Burnaby residents will have a chance to share their thoughts on the proposed Lochdale Urban Village project during two summer virtual workshops.
On Wednesday, July 28 and Thursday, August 12, the city will be holding two virtual workshops from 5:30 to 7:30 p.m. where participants can learn more about plans for the project and share their thoughts on the Phase 2 draft vision, land use concepts and policy direction.
Registration is required for both workshops by emailing firstname.lastname@example.org or call 604-294-7781.
In the summer of 2020, city council gave staff the go-ahead to begin public consultations on developing urban village plans for the Bainbridge and Lochdale areas – the former located around the Sperling SkyTrain station and the latter at the east end of Hastings Street.
The Lochdale urban village is currently defined by Hammerskjold Drive to the west, Ridge Drive to the north, Duthie Avenue to the east and Union Street to the south.
Assistant director of current planning Jesse Dill said in August 2020 the plan is more intended to expand on what’s already in the area, including housing, employment and culture.
Dill defined the area as more of a suburban setting, with much of the commercial areas set back from the roadway, offering larger parking lots, compared to, for instance, the Heights area. This encourages more vehicle traffic, while the goal of the new plan is to encourage all modes of travel, including transit, cycling and walking.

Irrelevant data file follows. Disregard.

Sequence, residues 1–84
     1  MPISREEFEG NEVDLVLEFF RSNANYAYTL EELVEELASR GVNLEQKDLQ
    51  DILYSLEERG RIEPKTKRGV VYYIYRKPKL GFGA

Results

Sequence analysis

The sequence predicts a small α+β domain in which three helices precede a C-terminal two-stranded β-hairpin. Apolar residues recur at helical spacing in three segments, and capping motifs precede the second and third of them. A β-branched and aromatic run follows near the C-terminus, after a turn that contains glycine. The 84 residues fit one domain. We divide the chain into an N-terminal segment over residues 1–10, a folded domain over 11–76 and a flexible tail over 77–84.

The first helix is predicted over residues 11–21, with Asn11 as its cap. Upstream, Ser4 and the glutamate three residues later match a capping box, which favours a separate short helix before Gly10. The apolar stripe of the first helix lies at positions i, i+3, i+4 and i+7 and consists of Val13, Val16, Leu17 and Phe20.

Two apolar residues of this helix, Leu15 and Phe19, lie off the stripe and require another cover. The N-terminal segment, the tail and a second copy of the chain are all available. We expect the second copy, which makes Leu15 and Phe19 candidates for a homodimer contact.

The village centre would be focused around the existing commercial properties along Hastings, mostly between Sperling and Kensington avenues, such as the Kensington Square mall. There, Dill said, the city envisions commercial uses at street level, with potential housing or office space above.
The plan also includes two potential new parks on either side of Hastings and a small neighbourhood mixed-use section at the northeast end.
Other opportunities for the area include:
- New public spaces, community services and amenities for residents
- An expanded mix of market and non-market housing options
- The accommodation of regional growth
- Local employment opportunities
- Change and reinvestment as the existing building stock ages
- The shift to more sustainable forms of transportation (walking, transit, cycling)
- The enhancement of the natural environment
- A carbon neutral community by 2050
The City of Burnaby said at a May 31, 2021, council meeting, there were a total of 254 responses to the online survey conducted, with 144 respondents providing at least one long-form text comment sharing feedback.
City council gave the go-ahead the same night for phase two of public consultations to begin.
- With files from Dustin Godfrey